Paris attacks – a French perspective

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Camden Metheny

The Eiffel Tower replica in Disney’s Epcot was illuminated in the colors of the French flag Saturday night. All over the world, countries are showing their support of France’s terror attack victims by lighting their monuments in a similar fashion.

Camden Metheny, Editor

Editor’s Note: Stephanie Pierrel attended BIC as a foreign exchange student and was a 1989 graduate. She agreed to speak with “Hoof Prints” staff about the current situation in France following the devastating terrorist attacks. Pierrel is not a native English speaker. 

Stephanie Pierrel in 1989
Photo provided by Tracey Yates Thompson
Stephanie Pierrel in 1989

Hoof Prints: Where do you live and how close is it to Paris?

Stephanie Pierrel: I live in Selestat that is nearby Strasbourg in the eastern part of France in a region called Alsace. It’s about 550 km from Paris or 345 miles.

A very famous region for the Christmas markets that are going to take place in all cities of Alsace. Lots of people come to visit this region at this time of year because the Christmas markets are so wonderful.

December is very special, it could also be a very good spot for terrorism at this time of the year, especially in Strasbourg.

HP: How frequently do you travel to Paris?

Pierrel: I go to Paris for my work once or twice in a month. I know quite well the place where the human bombs exploded last Friday, and that makes me even more sad and terrified.

I work for a worldwide company called Fromageries BEL, we are selling cheese like “the laughing cow” “minibabybel” “kiri” “apéricubes” etc…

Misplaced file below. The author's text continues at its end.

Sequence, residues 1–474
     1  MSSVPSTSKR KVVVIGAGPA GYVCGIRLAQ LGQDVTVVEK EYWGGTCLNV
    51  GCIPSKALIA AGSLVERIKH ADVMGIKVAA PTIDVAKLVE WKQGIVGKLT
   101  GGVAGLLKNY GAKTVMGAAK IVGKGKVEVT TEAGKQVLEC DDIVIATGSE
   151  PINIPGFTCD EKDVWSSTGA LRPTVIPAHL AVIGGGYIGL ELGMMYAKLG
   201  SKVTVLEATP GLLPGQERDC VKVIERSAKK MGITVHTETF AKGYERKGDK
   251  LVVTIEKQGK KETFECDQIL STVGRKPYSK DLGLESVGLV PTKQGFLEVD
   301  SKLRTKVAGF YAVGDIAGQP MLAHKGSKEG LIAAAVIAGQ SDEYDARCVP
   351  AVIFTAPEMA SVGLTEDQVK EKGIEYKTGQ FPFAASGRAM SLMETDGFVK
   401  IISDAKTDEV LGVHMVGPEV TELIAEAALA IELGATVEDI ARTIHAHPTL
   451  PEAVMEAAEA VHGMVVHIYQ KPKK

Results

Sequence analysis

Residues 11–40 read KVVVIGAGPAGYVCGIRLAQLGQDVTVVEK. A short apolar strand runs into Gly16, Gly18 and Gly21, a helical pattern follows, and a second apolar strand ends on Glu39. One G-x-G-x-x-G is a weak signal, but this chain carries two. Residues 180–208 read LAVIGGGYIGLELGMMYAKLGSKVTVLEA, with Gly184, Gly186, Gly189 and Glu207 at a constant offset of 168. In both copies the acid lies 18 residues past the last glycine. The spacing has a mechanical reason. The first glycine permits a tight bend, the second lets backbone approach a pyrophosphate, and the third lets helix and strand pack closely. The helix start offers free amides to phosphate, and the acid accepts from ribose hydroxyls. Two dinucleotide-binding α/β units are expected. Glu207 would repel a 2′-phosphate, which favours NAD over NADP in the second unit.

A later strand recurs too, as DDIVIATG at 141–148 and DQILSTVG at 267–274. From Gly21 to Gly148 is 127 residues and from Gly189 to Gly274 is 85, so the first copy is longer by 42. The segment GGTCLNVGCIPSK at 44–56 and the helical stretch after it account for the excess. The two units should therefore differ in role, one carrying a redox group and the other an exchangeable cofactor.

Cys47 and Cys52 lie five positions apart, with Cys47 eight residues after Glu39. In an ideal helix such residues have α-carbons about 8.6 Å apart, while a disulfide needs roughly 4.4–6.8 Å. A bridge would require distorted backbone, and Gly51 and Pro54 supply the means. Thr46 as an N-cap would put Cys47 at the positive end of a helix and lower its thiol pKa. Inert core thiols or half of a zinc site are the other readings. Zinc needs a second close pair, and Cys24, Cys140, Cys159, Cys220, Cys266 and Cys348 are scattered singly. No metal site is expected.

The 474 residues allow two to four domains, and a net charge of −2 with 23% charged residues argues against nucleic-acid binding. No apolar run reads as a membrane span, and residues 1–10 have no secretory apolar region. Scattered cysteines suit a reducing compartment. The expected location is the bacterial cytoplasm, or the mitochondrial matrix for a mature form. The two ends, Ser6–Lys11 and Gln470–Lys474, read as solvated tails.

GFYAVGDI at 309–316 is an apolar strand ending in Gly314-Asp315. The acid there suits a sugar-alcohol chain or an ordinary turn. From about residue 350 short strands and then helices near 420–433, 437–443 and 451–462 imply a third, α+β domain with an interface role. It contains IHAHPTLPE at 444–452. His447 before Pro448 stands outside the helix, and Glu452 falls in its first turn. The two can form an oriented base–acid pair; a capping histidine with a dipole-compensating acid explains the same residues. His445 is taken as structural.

HP: Do you know any of the victims of the attacks?

Pierrel: No, for instance, the events are too recent, we don’t know the names of the victims. But every single victim is important and there have been too many of them anyway.

The people who did this are crazy fanatics, not all the Muslim community is like them. The two issues must not be confused.”

— Stephanie Pierrel

HP: Have you noticed any increased security measures where you live?

Pierrel: My children will have some meetings at school to speak with their teachers of the last events. They ‘re quite shocked, and you can feel some anxiety and fear in the future. In January, we’ve already had the “Charlie Hebdo” assassination attempt, that was frightening and shocking for all the population. We are not used to this kind of violence yet, not at this level of craziness.

The government decided a 3 months state of emergency, our borders are closed with controls of identity, a large deployment of police and army around the most important monuments in big cities will occur in the next days. There will  be identity checking in streets, etc….

It will be quite difficult to move in Paris in the next weeks, but the population needs such demonstration of strength to feel more confident in their everyday life and work.

HP: What is the overall mood in France that you’ve observed since the attacks?

Pierrel: Stupefaction at first, how can such horrors happen in France?

Wrath against those fanatics, sadness for all the victims and their families, people have lightened some candles by their windows yesterday evening, in Paris there has been a meeting in the “république place” people brought some flowers, lots of them were shocked and cried. It was very sad.

People are afraid now, some other are even more racialists and that is terrible for our Democracy, because there will be troubles and hate in the next weeks against people that are victims of these fanatics even if they are Muslims.

HP: What would you like people in the United States to know about what’s happening?

Pierrel: The people who did this are crazy fanatics, not all the Muslim community is like them. The two issues must not be confused.

French people will overcome this terrible event, there is  solidarity and  the government has taken the measures to secure its people.

American tourists can come in France without fear.

And if all the great countries come together to exterminate DAECH, their days are numbered. It’s only a question of willpower.